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Employer Investment in Skills

The Chancellor told the CBI the Autumn Budget will cut taxes for businesses that invest more, train more and innovate more. This followed on from the Spring Statement where he noted that UK businesses spend half the EU average per employee on training and he wanted to change that.

That triggered a wave of speculation of a formal review of the apprenticeship levy, something the Treasury quickly denied. It seems likely to me that we’ll see additional allowances and tax breaks for businesses that invest in training. But what is the issue and is that the right answer?

Learning and Work Institute research found that employer investment in training per employee has fallen 28% in real terms since 2005 – and many were arguing back then it wasn’t high enough. What’s more, the investment we do have is skewed toward statutory requirements like health and safety (important, but this should not be the limit of our training ambitions) and toward the already highly qualified. Those with degree level qualifications are three times more likely to get training at work than those with no qualifications.

Why does this matter? Firstly, because improvements in skills can help to kickstart economic growth and productivity. We can do better than the anaemic growth rates we’ve become accustomed too, and this is vital for raising living standards, tackling the cost of living crisis, and funding public services. Secondly, for individual opportunity and fulfilment, so we can level up training and career opportunities for those most likely to miss out today.

Chop and change

The current picture is not for want of government activity. Recent decades have seen a dizzying array of initiatives and an alphabet soup of initiatives come and go. We estimate Government support for employer training is around £6.8 billion each year. Yet the proportion of people getting training at work has flatlined and employer investment per employee has fallen. Why?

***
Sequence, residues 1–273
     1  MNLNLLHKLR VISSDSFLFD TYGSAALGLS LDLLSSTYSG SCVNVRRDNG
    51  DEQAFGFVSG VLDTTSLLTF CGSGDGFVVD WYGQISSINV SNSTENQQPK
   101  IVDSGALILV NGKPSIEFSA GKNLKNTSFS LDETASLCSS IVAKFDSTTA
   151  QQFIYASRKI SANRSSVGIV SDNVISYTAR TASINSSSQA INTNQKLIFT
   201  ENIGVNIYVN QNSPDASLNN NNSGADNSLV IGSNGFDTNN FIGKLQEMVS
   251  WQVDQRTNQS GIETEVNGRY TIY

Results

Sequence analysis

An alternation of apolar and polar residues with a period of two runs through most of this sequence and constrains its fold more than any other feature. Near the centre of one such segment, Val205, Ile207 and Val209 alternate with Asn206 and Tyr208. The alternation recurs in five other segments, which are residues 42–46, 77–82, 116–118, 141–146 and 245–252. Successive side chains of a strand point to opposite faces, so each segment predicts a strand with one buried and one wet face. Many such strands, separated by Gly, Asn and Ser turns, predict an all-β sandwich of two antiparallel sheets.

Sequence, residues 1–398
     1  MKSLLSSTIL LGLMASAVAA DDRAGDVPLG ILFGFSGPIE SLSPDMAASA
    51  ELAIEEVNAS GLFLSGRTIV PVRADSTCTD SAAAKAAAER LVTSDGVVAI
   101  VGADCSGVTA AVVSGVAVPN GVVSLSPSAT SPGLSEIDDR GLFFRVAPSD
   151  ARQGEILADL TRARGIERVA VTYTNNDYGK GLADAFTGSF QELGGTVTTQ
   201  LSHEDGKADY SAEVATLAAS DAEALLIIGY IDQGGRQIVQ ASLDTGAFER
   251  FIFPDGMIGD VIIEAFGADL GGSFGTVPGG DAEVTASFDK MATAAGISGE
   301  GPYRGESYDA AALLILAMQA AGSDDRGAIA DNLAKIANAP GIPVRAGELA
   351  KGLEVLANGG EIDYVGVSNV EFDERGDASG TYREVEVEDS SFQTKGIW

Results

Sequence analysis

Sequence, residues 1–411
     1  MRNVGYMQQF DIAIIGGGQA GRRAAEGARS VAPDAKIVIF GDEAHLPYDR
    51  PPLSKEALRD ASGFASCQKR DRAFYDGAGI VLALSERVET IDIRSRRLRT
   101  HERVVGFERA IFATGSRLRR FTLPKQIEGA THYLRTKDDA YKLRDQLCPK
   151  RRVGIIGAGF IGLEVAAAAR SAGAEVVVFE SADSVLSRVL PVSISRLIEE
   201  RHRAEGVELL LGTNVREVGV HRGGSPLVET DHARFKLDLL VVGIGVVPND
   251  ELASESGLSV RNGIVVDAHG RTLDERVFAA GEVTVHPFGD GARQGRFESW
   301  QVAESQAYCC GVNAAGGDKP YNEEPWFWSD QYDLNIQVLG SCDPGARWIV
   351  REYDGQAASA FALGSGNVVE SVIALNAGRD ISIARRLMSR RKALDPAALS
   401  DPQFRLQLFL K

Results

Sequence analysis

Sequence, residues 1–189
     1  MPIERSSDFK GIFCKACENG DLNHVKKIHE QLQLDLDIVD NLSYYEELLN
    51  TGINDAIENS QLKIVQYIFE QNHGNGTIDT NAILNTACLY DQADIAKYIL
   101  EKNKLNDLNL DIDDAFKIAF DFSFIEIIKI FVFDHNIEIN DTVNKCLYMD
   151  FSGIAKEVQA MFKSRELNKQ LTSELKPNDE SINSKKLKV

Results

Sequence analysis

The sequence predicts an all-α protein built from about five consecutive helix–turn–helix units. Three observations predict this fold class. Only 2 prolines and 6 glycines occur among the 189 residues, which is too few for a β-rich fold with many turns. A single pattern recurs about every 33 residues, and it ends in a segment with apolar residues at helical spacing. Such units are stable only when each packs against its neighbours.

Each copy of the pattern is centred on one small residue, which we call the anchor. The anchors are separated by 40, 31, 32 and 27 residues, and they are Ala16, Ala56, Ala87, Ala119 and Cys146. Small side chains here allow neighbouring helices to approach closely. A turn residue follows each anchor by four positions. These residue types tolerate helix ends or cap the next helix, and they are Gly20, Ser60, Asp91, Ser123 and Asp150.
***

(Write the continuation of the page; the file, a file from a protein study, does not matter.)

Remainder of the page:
The constant chop and change hasn’t helped. We need to do better at learning the lessons of history too. For example, what can we learn from previous efforts to reduce the number of qualifications to inform the latest attempt?

We should also be clearer about the goals of policy – for example, what is our measure of success for the apprenticeship levy? We argue that the success of policy should be measured by whether the proportion of workers getting training is rising, investment per employee is increasing, gaps between groups narrowing, and all of this leading to greater business success and productivity.

Perhaps most importantly, so much public policy activity is focused on trying to get employers to be in the ‘driving seat’ of the publicly-funded skills and qualifications systems. We focus far less on what employers themselves are investing in and how skills are used in the workplace. To put it another way, the exam question is usually ‘what can we do for employers’ rather than also asking ‘what are employers going to do’. A lesson there for the latest policy cab off the rank, Local Skills Improvement Partnerships, perhaps…

Indeed, public policy increasingly passively follows employers’ decisions rather than seeking to influence them. That’s a big shift from previous decades when the aim was to incentivise greater investment in the lowest qualified. There’s always a balance – employers know best what they need, but there are also market failures and longer-term national priorities like tackling climate change.

Making a difference

What should we do about this? We made three proposals:

  1. A strategy for growth. Public and employer investment in skills needs to be part of an overall strategy for economic growth. We suggest new locally-led partnerships could trial tailored approaches.
  2. Reform the apprenticeship levy. Employers and the Government should agree how to widen the levy so spending on accredited qualifications is allowed alongside an expansion of the levy (with either more firms paying or a higher contribution rate) to raise overall investment.
  3. Introduce a new Skills Tax Credit. Based on the R&D tax credit, this would allow small employers to deduct 230% of the cost of accredited training from their tax bills, rising to 300% for investment in essential skills like literacy, numeracy and digital and in lower income areas.

There’s no easy fix to a decades-old challenge. But to grow our way out of the living standards crisis and secure our future prosperity we need to think differently. Time for action in the Autumn Budget.

By Stephen Evans, Chief Executive at Learning and Work

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